13. The colorant composition of claim 8 wherein the light absorbing prepolymer is substantially non-reactive.

14. A method for manufacturing a tinted contact lens comprising the steps of: a.) applying to a molding surface of a mold a tinting-effective amount of a colorant composition comprising at least one light absorbing prepolymer and one or more solvents; b.) dispensing a lens-forming amount of a lens material into the mold; c.) swelling the colorant composition in the lens material; and d.) curing the lens material in the mold to form the tinted contact lens.

15. The method of claim 14, wherein the light absorbing prepolymer has a molecular weight of less than about 65,000.

16. The method of claim 14 wherein the light absorbing prepolymer and the lens material form an interpenetrating polymer network.

17. The method of claim 14 wherein said monomers comprise at least one hydrophilic monomer selected from the group consisting of N-vinyl-N-methyl acetamide, N-vinyl-N-ethyl acetamide, N-vinyl-N-ethyl formamide, N-vinyl formamide and mixtures thereof.

18. The method of claim 14, wherein the light absorbing prepolymer is substantially non-reactive.

19. The method of claim 14, wherein the at least one solvent comprises at least one medium boiling point solvent and one low boiling point solvent.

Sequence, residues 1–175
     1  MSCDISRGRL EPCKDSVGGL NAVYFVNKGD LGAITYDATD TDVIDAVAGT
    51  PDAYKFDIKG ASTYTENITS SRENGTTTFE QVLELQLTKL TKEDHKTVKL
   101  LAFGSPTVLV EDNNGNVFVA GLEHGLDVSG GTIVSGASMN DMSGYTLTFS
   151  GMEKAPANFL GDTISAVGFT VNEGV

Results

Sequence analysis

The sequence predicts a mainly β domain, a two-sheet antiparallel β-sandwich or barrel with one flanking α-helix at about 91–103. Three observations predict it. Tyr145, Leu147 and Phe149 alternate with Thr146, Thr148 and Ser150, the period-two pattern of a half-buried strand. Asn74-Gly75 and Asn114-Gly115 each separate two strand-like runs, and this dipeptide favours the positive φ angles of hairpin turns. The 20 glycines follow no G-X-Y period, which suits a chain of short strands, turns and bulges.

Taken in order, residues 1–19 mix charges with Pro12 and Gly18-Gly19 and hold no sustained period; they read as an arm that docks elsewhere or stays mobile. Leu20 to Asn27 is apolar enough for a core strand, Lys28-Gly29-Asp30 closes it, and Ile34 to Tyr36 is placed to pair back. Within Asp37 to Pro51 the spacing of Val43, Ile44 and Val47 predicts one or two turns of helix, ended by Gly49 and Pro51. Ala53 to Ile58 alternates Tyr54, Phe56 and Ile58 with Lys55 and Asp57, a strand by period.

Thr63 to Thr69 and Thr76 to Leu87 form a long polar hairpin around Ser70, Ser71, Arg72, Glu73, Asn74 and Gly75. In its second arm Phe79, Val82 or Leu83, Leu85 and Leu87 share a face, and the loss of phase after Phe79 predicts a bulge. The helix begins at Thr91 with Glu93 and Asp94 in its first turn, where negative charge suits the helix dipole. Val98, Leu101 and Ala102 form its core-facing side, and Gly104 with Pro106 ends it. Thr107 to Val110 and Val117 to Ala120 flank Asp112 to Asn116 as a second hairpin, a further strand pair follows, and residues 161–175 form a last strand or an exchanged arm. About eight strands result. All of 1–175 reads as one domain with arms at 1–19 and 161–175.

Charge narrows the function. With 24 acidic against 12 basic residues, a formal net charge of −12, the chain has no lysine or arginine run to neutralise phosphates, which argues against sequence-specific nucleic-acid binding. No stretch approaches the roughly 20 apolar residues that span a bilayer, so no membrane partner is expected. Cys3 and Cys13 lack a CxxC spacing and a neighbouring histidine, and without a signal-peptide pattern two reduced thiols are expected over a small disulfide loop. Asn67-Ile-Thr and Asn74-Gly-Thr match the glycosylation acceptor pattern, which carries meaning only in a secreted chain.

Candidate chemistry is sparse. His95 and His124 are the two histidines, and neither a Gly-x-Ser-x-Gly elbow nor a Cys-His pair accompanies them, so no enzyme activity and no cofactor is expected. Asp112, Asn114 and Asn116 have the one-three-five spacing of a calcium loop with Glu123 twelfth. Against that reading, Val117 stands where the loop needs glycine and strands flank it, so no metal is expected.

20. The method of claim 14, wherein said colorant composition comprises a surface tension of below about below about 27 mN/m.

21. The method of claim 19 wherein the medium boiling point solvents comprise 1-ethoxy-2-propanol and isopropyl lactate

Description:

FIELD OF THE INVENTION

The invention relates to colorants useful in the production of tinted contact lenses. In particular, the invention provides a one step process for tinting contact lenses and colorants for use in the process.

BACKGROUND OF THE INVENTION

The use of tinted contact lenses to alter the natural color of the iris is well known. Generally, the tinted portion of the lens is located in the center of the lens, the portion of the lens that will overlay either or both the pupil and iris of the lens wearer. It is also well known in the tinting of contact lenses that the entire lens may be lightly tinted as a visibility or locator tint.

Colorants used to produce tinted lenses generally are composed of a binding polymer and pigments. The known colorants require the use of crosslinking agents to form covalent bonds between the lens materials and the binding polymer in order to form stable, tinted lenses. By “stable, tinted lenses” is meant that the tints do not bleed or leach out from the lens or from one portion of the lens to another. Additionally, in some of the known methods for forming tinted lenses, it is required that the lens body be formed prior to the introduction of the colorant onto the lens. Other processes and colorants require multiple steps for use alone or in conjunction with specialized rings to protect the outer portions of the lens from the colorant.

Thus, the known colorants and processes for producing tinted lenses introduce one or both of additional time and additional materials into the normal lens manufacturing process. Therefore, a need exists for a colorant, and method for producing contact lenses using the colorant, that eliminate some or all of these disadvantages.